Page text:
caution

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caution

1. Law chiefly Brit a formal warning given to a person suspected or accused of an offence that his words will be taken down and may be used in evidence
2. a notice entered on the register of title to land that prevents a proprietor from disposing of his land without a notice to the person who entered the caution
References in classic literature ?
For my part I consider that it is better to be adventurous than cautious, because fortune is a woman, and if you wish to keep her under it is necessary to beat and ill-use her; and it is seen that she allows herself to be mastered by the adventurous rather than by those who go to work more coldly.
Surely, a woman is bound to be cautious and listen to those who know the world better than she does.
Soft and cautious, but in that stillness it was sinister.
As we grew older and heavier we found we had to be more cautious in dropping, but at that age our bodies were all strings and springs and we could do anything.
Alert, dilating and contracting, as swift as cautious, and infinitely apprehensive, the pupils vertically slitted in jet into the midmost of amazing opals of greenish yellow, the eyes roved the room.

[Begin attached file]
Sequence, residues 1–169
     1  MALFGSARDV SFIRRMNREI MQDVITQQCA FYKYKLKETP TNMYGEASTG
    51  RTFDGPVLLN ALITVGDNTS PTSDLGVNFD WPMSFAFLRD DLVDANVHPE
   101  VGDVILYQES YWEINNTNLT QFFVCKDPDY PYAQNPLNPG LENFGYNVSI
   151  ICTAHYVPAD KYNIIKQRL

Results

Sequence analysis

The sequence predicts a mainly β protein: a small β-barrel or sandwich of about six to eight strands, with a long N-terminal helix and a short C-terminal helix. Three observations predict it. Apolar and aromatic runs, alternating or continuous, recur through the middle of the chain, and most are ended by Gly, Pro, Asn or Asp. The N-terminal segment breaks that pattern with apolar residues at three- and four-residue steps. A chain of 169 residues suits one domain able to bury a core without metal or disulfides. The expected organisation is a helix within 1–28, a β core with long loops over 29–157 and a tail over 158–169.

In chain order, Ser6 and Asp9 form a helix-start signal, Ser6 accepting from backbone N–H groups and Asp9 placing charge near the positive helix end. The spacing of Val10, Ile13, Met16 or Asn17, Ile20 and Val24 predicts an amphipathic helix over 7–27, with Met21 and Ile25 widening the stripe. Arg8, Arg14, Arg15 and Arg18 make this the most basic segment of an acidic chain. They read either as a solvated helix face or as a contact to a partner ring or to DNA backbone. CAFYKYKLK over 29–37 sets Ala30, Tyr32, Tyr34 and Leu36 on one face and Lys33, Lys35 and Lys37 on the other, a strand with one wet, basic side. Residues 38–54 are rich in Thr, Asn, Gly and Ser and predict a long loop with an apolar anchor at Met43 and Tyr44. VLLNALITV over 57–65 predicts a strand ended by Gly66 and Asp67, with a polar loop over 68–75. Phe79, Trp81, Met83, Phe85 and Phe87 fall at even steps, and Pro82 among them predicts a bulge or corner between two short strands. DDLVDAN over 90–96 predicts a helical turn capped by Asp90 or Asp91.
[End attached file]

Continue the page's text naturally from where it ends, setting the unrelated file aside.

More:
He found it expedient to be cautious all the time, except for the rare moments, when, assured of his own intrepidity, he abandoned himself to petty rages and lusts.
The cautious Baron listens--but gives no positive opinion, as yet.
I still took an interest in the fundamental problems of existence, but it was a very cautious interest; for I had burned my fingers that time I clutched at the veils of Truth and wrested them from her.
No doubt errors will have crept in, though I hope I have always been cautious in trusting to good authorities alone.
He came that morning; and I have had several interviews with him since; but he is obliged to be very cautious when and how he comes; not even his servants or his best friends must know of his visits to Wildfell - except on such occasions as a landlord might be expected to call upon a stranger tenant - lest suspicion should be excited against me, whether of the truth or of some slanderous falsehood.
Nay, some are so cautious on this head, that, to avoid a possibility of killing the patient, they abstain from all methods of curing, and prescribe nothing but what can neither do good nor harm.
Margaret hoped that for the future she would be less cautious, not more cautious, than she had been in the past.